Naval Air Station (NAS) Pensacola is often called the cradle of naval aviation, as close to 60,000 students – most of them members of the U.S. Navy, Marine Corps, and Coast Guard – begin their careers in flight training at the Pensacola-area base each year.
Its history dates back to the early 19th Century when the Pensacola Navy Yard was established. Today NAS Pensacola counts more than 1 million visitors annually, and for good reason – you’ll find several points of interest are located on base, and many of them are free or available to visit at a modest admission charge.
National Naval Aviation Museum
One of the Pensacola Bay Area’s most popular destinations for visitors, the National Naval Aviation Museum, has consistently ranked one of the Top 25 museums in the nation by the travel website TripAdvisor.
When entering the museum, guests step foot onto a replica of the aircraft carrier Nimitz. The 8,000-sq.-ft. Nimitz Flight Deck Exhibit opened late last year and is filled with everything you might see on the real thing, from arresting wires and catapult tracks to deck edge aircraft elevators. This glimpse into modern-day naval defense leads you into the heart of the museum, where you can explore over a century of military history. More than 150 restored aircraft representing Navy, Marine Corps and Coast Guard aviation are displayed, including many rare and one-of-a-kind flying machines.
After you peruse the many aircraft and artifacts, take to the skies in one of the museum’s 3D flight simulators or watch a film at the Naval Aviation Memorial Giant Screen Theater, both of which require a purchased ticket for admission. Weekly Breakfast & A Movie events are scheduled Tuesday mornings in February, offering guests a chance to enjoy a Chick-fil-A biscuit or other items sold at the museum’s refreshment counter, a talk led by museum historians and a movie in the theater.
The museum is open daily and general admission is free. All visitors age 16 and over should be prepared to show photo ID and be subject to a bag search just inside the front doors.
U.S. Navy Blue Angels
If you visit the museum between March and November, you might see the world-famous Blue Angels in action. The annual Homecoming Air Show takes place here every November, but the flight demonstration squadron practices over the museum at NAS Pensacola most Tuesday and Wednesday mornings throughout the season. Practices typically begin at 11:30 a.m., and last about 55 minutes, but it is recommended to arrive early as parking fills up quickly. Admission to practice is free and open to the public.
National Flight Academy
Youngsters who visit the museum or watch a Blue Angels air show may be inspired to try their hand at being a naval aviator. Although not open for tours, the National Flight Academy is located on the naval base next to the Naval Aviation Museum, offering a variety of immersive learning programs for 7th-12th graders. Participants live in a multi-story simulated aircraft carrier for the duration of their camp or session. Flight simulators and virtual reality games add to the high-tech thrills that have made the National Flight Academy nationally renowned in STEM (science, technology, engineering and mathematics) education.
Pensacola Lighthouse and Museum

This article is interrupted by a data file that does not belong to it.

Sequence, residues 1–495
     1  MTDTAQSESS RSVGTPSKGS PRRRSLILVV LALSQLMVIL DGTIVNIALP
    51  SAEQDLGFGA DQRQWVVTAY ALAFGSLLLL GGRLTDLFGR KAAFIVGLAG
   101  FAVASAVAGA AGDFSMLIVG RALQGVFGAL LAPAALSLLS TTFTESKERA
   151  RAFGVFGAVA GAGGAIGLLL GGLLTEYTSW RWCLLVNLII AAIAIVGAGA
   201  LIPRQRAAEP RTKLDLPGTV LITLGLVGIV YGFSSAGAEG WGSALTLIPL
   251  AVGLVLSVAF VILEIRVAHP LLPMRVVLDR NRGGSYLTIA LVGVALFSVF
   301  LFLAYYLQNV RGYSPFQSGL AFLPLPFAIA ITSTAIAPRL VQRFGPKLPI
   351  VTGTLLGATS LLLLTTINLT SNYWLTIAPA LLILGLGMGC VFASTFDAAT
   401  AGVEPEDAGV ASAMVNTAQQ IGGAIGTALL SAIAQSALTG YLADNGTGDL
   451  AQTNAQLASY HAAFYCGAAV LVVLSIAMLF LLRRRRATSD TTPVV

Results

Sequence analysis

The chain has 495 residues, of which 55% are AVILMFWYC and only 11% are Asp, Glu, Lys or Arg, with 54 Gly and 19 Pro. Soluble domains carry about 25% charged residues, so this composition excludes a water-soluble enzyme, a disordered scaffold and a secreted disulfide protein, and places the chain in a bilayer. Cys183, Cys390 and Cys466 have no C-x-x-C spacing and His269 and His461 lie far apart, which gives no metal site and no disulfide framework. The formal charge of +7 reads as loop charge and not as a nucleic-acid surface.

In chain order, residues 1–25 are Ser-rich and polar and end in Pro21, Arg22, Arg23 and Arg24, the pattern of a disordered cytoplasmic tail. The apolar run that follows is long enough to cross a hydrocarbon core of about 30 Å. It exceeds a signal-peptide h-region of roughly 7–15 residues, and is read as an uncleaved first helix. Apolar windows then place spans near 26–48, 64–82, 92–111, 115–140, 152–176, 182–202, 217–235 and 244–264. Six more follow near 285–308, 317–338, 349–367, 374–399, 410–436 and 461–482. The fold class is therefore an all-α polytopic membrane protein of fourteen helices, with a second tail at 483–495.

The Pensacola Lighthouse and Museum is another stop to make on your tour of NAS Pensacola. If you are so inclined (and wearing closed-toe shoes), climb the 177 steps to the top of the 160-year-old lighthouse for views of Pensacola Pass, where Pensacola Bay meets the Gulf of Mexico, as well as three historic forts, Downtown Pensacola and the Navy Yard. Stroll through the Richard C. Callaway Museum, located on the ground floor, to learn about local history, Civil War and U.S. Coast Guard history and more. You may even hear a thing or two about ghosts, which many believe haunt the Pensacola Lighthouse and Museum. Listed on the National Register of Historic Places, the lighthouse and museum are open 10 a.m. to 5:30 p.m. daily. Admission is $7 for adults or $4 for ages 65+, military and children age 12 and under.
To experience military history first hand, take a walk through the storied arches and stand where cannons were fired at Fort Barrancas. Built in 1844 on a bluff overlooking Pensacola Bay, Fort Barrancas saw combat action during the Civil War. Confederate troops occupied the fort during a fight against Union forces camped at Fort Pickens in 1861. With brick walls standing 20 feet high and four feet thick, the diamond-shaped fort, which included a water battery and drawbridge, continues to impress visitors today as a monument of early military engineering and national defense. The fort is open Thursday-Monday, 9 a.m. to 4:15 p.m. A Fort Barrancas self-guided tour map is available to download to any mobile device.
Barrancas Cemetery, open daily from sunrise to sunset, covers close to 100 acres. Many Civil War dead, both Union and Confederate are buried in the cemetery, which became a national cemetery in 1868. Expanded numerous times over the years, the cemetery is still used for military interments today. Flowers are allowed year-round and numerous decoration events occur throughout the year.
Please note, for security purposes, you must present a valid driver’s license, vehicle registration and current proof of car insurance to enter Barrancas Cemetery. Guests should be prepared to complete forms requiring a Social Security Number and other personal information, as well.
Wherever you want to visit aboard NAS Pensacola, it is important to plan ahead and follow procedures for entering the base. Please remember – all visitors must enter NAS at the West Gate civilian entrance on Blue Angel Parkway (unless you are military).